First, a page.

Deadly Force Used Against CAA Protesters: Human Rights Watch

by GoNews Desk 9 months ago Views 1783
Deadly Force Used Against Protesters: Human Rights
Indian authorities should cease using unnecessary lethal force against demonstrators protesting a law that discriminates against Muslims, Human Rights Watch said on Monday.

It also demanded that the authorities ensure that security forces comply with the United Nations Basic Principles on the Use of Force and Firearms by Law Enforcement Officials.

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The government should also revoke the Citizenship Amendment Act, which violates India’s international obligations to prevent deprivation of citizenship on the basis of race, color, descent, or national or ethnic origin as found in the International Covenant on Civil and Political Rights (ICCPR) and other human rights treaties, it said.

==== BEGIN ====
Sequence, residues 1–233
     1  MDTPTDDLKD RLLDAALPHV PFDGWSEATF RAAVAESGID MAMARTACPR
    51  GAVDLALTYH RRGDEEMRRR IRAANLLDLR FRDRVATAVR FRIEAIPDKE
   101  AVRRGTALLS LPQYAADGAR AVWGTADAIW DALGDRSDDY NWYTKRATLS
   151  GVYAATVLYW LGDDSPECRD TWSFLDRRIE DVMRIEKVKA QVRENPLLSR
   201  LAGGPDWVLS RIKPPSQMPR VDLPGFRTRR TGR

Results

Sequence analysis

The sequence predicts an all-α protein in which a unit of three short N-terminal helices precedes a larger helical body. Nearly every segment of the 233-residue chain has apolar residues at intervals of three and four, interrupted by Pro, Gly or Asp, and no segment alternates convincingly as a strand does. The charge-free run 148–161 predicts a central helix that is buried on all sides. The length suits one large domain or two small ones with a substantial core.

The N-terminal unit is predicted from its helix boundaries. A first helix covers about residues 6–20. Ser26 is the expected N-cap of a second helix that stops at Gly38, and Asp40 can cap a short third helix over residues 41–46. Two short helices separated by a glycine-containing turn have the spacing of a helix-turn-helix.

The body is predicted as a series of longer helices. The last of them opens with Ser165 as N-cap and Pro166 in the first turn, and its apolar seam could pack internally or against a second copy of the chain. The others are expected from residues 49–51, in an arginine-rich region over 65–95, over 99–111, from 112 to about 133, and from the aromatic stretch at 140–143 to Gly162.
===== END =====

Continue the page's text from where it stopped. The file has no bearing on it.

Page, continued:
At least 25 people have been killed and hundreds have been arrested, since protests against the Citizenship Amendment Act began on December 12, 2019, it stated.

Police have used excessive force only against demonstrators protesting the law, including many students.

All the deaths have occurred in states governed by the ruling BJP: 18 in Uttar Pradesh, 5 in Assam, and 2 in Karnataka. Scores of police officers have been injured.

The authorities have also used a colonial-era law, internet shutdowns, and limits on public transportation to prevent peaceful anti-citizenship law protests.

“Indian police, in many areas, have been cracking down on anti-citizenship law protests with force, including unnecessary deadly force,” said Meenakshi Ganguly, South Asia director at Human Rights Watch. “The authorities should prosecute violent protesters, but they also need to hold police officers to account for using excessive force.”

The police have, however, not interfered with demonstrators supporting the law, including ruling party leaders who have advocated violence.

The newly amended citizenship law grants citizenship only to non-Muslim irregular immigrants from the neighbouring Muslim-majority countries of Afghanistan, Bangladesh, and Pakistan. Protesters have called for the law’s repeal, saying it is unconstitutional and divisive.

There have been marches in several cities across the world expressing solidarity with the student protests, and the government’s response has faced increasing criticism abroad.

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